Eventually, Python came to dominate my day-to-day, and in order to incorporate the forecasts I made using R, I had Python scripts that would take the preprocessed data, dump input into R and then take output back into Python for final touches. Eventually, I even dropped this step and translated my forecasts into Python as I became familiar with all the packages available to accomplish similar goals. 

My Python knowledge helped me to rise the ranks at Munchkin, where I eventually established the first data and analytics team, and strongly encouraged my employees who only knew R to learn Python.  

Python Now Used More Within Financial Services

From personal experience, the results of this Burtch Works’ study are a no brainer. The ease of use, readability, and the great community-building around Python align with the continued upward trajectory of its use. Additionally, Python being so widely used by data scientists has made it so it’s one of the leading languages used for working with data at scale. 

One aspect of the study that I found particularly interesting was the shift in language preference within Financial Services, largely based on the fact that Financial Services companies are now allowing the use of open source tools like R and Python.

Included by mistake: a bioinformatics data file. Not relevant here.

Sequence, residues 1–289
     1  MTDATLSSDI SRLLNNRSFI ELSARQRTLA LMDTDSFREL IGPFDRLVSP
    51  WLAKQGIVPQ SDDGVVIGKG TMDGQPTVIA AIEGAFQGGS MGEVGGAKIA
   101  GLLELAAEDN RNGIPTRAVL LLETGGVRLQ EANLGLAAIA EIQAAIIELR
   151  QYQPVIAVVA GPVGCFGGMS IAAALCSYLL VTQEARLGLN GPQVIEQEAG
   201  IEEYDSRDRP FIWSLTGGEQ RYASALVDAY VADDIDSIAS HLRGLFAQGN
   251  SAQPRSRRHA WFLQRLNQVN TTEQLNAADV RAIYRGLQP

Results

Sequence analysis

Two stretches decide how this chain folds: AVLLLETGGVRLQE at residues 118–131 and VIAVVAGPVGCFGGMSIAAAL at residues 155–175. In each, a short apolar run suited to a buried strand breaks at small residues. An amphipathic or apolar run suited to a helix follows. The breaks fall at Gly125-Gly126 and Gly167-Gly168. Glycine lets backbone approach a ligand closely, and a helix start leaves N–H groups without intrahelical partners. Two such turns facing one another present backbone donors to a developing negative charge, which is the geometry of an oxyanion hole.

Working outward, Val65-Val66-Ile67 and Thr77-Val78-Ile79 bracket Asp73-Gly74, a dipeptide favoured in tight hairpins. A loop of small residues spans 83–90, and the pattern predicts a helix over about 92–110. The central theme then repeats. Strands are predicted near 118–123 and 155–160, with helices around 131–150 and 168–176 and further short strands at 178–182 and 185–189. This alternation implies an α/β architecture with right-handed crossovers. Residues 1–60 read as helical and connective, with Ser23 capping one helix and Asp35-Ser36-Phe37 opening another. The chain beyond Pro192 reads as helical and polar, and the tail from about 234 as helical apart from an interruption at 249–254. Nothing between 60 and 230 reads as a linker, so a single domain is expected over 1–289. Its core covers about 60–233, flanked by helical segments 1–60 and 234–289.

“We’ve...seen several major financial services employers, which began to transition away from SAS a few years ago, complete their transition to open source tools over the past year, which has made the surge towards Python even more apparent than before,” writes Burtch Works, which then goes on to detail that Python surged from 19% of the vote in 2017 to 28% in 2018, and this year Python leaped again to 41% to capture first place among professionals in financial services firms. 

Heidi Kalish, a Burtch Works recruiter who specializes in data science and analytics roles within financial services, said, “There has definitely been a huge shift with all of my financial services clients. Currently, all of the roles I’m working on are looking for experience with Python or R. Even if these organizations still have legacy tools, I think they understand that in order to keep up with the market and land top talent, they’d be wise to look at open-source tools. When talking to my candidates, especially those that deal with unstructured data, their tool of choice is most commonly Python.”

As the overall survey results indicate, no matter the industry or sector, the most important aspect of data science and predictive analytics is that the field is constantly evolving. This should not be intimidating, but rather, very exciting! It means the consistent introduction to new specialties and opportunities for growth, and it means that collaboration and being plugged into blogs, webinars, conferences, and meetups are a big part of thriving in the profession. 

With much of the field so clearly shifting towards Python, it’s time to take my friend’s clairvoyant advice from years ago and jump on the Python bandwagon with career growth and opportunities in mind. 


Learn more about Sr. Data Scientist Kevin Birnbaum here.